Jim Ledwell, a chemical oceanographer at WHOI, and his long-standing UK collaborator Andrew Watson, a biogeochemist, have been perfecting this technique since 1982. The hard work paid off in February 2009 when Ledwell headed up the first US DIMES cruise into the Southern Ocean and released the tracer, CF3SF5, a mile deep into the circumpolar current, just upstream of Drake Passage. They will track the 3-D evolution of the dye as it is carried in currents over both the smooth bottom of the Southeast Pacific and the mountainous topography just downstream of Drake Passage and the Scotia Sea.
“It’s an amazing detective story,” says DIMES researcher John Marshall, professor of oceanography at MIT, “because this tracer just gets mixed all over the place in the turbulent ocean. It doesn’t just ooze out in a symmetric way but gets drawn out into complex filaments, which are very hard to map.” In fact, the dispersing tracer gets so diluted over time that Ledwell’s team must grapple with the equivalent of measuring a drop of milk mixed in an Olympic swimming pool after one, two and three years.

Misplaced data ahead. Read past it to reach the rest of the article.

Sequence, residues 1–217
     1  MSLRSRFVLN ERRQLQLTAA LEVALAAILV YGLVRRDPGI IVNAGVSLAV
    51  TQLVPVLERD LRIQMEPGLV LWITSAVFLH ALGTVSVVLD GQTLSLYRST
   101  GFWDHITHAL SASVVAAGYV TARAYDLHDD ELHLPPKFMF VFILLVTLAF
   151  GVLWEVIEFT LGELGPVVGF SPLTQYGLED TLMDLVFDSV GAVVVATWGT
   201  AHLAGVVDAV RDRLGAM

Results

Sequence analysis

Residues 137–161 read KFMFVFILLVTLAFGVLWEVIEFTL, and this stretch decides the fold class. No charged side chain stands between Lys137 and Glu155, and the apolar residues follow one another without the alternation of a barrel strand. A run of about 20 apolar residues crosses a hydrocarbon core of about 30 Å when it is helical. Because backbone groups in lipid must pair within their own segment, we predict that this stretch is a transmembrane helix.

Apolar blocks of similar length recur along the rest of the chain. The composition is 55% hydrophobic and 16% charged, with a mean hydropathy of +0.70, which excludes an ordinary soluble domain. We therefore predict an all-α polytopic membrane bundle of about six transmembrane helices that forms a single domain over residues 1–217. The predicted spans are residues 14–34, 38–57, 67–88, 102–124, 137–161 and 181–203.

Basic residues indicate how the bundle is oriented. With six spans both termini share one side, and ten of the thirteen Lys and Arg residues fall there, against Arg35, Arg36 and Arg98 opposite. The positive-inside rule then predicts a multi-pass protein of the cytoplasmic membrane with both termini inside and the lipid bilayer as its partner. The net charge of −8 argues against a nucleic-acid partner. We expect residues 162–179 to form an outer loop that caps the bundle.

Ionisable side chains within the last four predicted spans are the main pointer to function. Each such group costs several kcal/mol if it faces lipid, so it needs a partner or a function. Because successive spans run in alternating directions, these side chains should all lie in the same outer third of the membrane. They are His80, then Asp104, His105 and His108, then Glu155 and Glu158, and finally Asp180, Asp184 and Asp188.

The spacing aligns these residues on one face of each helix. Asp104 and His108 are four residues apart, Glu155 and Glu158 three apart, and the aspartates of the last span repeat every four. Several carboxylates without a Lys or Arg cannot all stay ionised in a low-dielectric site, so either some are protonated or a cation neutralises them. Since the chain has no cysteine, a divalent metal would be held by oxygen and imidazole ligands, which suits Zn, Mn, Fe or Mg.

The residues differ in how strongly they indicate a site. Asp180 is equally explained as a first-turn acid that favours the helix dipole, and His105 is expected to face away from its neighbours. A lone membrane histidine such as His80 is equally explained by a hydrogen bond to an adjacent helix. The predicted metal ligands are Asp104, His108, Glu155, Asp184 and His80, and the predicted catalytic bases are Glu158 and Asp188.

To accomplish the task, UK and US researchers track the tracer’s dispersion by collecting water at different depths and then measuring the tracer content with sensitive instruments. Eventually, they hope to analyze the oceanographic observations to better understand the mechanisms responsible for the horizontal stirring and vertical mixing of the tracer patch.
To complement the tracer data, Kevin Speer, professor of oceanography at Florida State University, deploys floats along the path of the tracer, which provide information about the spreading rates by ocean eddies. Other instruments drift with the water’s current, measuring temperature, conductivity (hence, salinity), and pressure. Free-falling profilers sample the cm-scale ocean turbulence, and instruments lowered from the ship sample the intermediate-scale motions that provide energy to the turbulence.